A few more price saving hints: At 99 cents a pound, a cup of tomato, about 2 large, is a buck and whether fresh or canned doesn’t really matter in this recipe. Use a couple of canned tomatoes and label and freeze the rest till you need them. Leftover, stale bread is perfect for this recipe. If you know the cost of milk in your area, buy it at a low. It’s those everyday items that add up over the course of a year. Buy eggs during holiday sales. They keep for several weeks past the “buy by” date.Print
Old Fashioned Ham Loaf
My Grandmother Irene’s Old Fashioned Ham Loaf. Makes 2 loaves, so you’ll have one to freeze.
- Prep Time: 5 minutes
- Cook Time: 1 hour 10 minutes
- Total Time: 1 hour 15 minutes
- Yield: 2 loaves
- 2 pounds ground ham
- 2 pounds ground pork
- 3 slices bread, soaked in the milk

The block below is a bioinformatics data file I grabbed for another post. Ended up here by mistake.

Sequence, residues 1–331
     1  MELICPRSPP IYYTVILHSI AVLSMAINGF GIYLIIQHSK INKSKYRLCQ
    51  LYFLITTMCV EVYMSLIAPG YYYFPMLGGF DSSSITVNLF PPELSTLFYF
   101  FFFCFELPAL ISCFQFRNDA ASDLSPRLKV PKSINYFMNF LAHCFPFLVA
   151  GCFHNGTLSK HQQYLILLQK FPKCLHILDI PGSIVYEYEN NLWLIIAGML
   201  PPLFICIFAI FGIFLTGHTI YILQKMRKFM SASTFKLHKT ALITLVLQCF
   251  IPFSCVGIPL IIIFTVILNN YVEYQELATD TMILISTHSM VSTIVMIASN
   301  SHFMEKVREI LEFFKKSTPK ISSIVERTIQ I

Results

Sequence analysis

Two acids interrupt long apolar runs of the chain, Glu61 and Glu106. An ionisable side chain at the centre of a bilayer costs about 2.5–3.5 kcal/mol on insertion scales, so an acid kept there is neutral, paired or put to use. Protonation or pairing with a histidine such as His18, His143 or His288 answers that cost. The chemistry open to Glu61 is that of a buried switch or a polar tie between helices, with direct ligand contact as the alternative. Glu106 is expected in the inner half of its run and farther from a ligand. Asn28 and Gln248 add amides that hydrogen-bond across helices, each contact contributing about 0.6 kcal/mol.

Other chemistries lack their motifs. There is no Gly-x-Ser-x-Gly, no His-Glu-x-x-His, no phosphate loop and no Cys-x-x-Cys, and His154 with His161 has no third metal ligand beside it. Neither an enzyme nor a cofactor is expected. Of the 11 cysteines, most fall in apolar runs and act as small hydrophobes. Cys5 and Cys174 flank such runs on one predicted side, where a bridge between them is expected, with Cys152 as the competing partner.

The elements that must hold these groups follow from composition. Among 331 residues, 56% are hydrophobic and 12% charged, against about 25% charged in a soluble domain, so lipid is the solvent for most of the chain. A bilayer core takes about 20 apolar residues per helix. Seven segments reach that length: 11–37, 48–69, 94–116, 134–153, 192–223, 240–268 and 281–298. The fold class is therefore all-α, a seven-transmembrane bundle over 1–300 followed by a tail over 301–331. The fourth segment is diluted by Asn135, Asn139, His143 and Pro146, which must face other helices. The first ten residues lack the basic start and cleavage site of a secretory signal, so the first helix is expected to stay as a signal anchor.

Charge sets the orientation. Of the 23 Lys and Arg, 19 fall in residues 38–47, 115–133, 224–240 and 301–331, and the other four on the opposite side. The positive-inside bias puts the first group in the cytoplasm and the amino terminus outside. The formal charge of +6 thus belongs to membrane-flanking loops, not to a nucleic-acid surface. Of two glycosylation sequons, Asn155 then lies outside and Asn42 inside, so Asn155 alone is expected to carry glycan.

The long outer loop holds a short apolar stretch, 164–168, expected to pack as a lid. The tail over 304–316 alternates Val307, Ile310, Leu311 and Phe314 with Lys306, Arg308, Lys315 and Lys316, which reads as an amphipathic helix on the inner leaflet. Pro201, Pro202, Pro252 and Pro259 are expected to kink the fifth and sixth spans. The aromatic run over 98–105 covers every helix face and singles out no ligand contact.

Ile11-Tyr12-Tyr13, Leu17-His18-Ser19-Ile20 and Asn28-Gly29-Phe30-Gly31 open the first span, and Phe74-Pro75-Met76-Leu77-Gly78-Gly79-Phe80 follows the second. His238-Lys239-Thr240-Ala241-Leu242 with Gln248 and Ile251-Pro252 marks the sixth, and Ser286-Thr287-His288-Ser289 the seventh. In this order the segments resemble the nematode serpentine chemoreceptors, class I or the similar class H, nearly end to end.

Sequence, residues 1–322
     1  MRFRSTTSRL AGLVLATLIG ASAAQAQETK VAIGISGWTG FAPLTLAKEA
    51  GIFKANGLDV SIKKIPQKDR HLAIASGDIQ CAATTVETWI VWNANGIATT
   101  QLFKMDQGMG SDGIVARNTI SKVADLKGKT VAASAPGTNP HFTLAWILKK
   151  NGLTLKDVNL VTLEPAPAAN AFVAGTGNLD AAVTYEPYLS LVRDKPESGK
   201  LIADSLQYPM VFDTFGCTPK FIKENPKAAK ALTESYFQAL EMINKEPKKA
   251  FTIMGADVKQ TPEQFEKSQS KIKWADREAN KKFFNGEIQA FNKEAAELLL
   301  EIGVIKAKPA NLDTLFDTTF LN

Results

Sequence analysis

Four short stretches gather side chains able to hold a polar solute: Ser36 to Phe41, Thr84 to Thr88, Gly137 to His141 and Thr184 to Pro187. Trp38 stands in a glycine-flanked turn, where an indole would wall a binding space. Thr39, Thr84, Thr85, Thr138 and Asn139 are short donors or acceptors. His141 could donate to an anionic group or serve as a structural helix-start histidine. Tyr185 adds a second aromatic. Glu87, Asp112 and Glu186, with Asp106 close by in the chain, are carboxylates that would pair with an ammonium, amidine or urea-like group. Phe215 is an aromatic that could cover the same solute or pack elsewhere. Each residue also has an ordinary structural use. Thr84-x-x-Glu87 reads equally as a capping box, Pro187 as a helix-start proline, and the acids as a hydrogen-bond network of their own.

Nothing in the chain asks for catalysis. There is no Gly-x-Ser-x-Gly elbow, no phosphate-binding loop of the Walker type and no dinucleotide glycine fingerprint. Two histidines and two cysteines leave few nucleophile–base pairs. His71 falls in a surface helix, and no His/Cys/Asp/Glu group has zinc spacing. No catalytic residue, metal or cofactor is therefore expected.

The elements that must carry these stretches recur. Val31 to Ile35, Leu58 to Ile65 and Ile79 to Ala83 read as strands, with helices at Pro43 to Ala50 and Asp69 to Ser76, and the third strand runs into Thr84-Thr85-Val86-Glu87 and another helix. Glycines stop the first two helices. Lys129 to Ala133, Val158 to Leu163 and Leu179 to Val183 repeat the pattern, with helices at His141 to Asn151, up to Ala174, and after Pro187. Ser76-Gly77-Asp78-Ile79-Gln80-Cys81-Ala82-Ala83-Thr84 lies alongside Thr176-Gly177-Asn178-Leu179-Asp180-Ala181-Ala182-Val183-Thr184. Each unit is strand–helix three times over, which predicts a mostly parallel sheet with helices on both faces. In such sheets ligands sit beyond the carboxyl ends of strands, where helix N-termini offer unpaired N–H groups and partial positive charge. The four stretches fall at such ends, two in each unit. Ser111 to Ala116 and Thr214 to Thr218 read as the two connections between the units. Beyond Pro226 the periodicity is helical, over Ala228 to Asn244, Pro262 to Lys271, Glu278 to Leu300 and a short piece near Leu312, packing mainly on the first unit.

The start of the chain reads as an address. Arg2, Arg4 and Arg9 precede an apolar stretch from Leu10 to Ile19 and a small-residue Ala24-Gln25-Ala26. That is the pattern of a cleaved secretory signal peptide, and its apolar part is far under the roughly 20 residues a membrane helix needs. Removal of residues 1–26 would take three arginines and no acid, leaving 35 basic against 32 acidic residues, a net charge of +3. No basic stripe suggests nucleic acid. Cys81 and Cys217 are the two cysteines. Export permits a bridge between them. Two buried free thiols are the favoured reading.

- 2 cups milk
- 2 cups chopped tomato (chop this finely)
- 3 eggs
- Pinch of allspice and a pinch of ground cloves.
Preheat oven to 350 degrees F.
Add clove and allspice to the milk. In a large bowl, add all ingredients together and mix. Divide into two loaf pans.
Bake at 350 degrees for about one to one and a half hours. Do not overbake or it can become dry. Look for a temperature of 160 degrees in the center of the loaf. The top should be nicely browned.
Depending on the amount of fat in the ham or ground pork, you may find quite a bit of fat in the pan; with today’s leaner pork, it isn’t as much of a problem as it was in the past, but you may drain this off.
Let Ham Loaf rest for several minutes before removing from the pan and cutting so it won’t crumble.
Not all ham loaves have clove or allspice; both are very strong spices, especially the allspice, so be careful about the amounts.
If you’d like to glaze your ham loaf, to a small bowl, add 1/4 cup brown sugar, 1/4 cup white vinegar, 1/4 cup water, and 1/4 teaspoon of dry mustard (Coleman’s is preferred.) Blend, then baste every 15 minutes during baking time.
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If you came to this Old Fashioned Ham Loaf recipe looking for a way to use leftover ham, be sure to check out the link below for 12 Days of Ham. You might want to see the sister post for 12 Days of Turkey, too.